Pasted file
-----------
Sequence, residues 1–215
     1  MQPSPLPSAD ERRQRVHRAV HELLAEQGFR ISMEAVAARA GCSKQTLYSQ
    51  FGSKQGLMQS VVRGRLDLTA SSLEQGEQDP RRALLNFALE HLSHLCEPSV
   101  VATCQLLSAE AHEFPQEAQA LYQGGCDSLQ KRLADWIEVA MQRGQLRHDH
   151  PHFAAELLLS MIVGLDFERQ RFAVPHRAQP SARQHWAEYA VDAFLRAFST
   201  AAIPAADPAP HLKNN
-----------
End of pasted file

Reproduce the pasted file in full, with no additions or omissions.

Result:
Sequence, residues 1–215
     1  MQPSPLPSAD ERRQRVHRAV HELLAEQGFR ISMEAVAARA GCSKQTLYSQ
    51  FGSKQGLMQS VVRGRLDLTA SSLEQGEQDP RRALLNFALE HLSHLCEPSV
   101  VATCQLLSAE AHEFPQEAQA LYQGGCDSLQ KRLADWIEVA MQRGQLRHDH
   151  PHFAAELLLS MIVGLDFERQ RFAVPHRAQP SARQHWAEYA VDAFLRAFST
   201  AAIPAADPAP HLKNN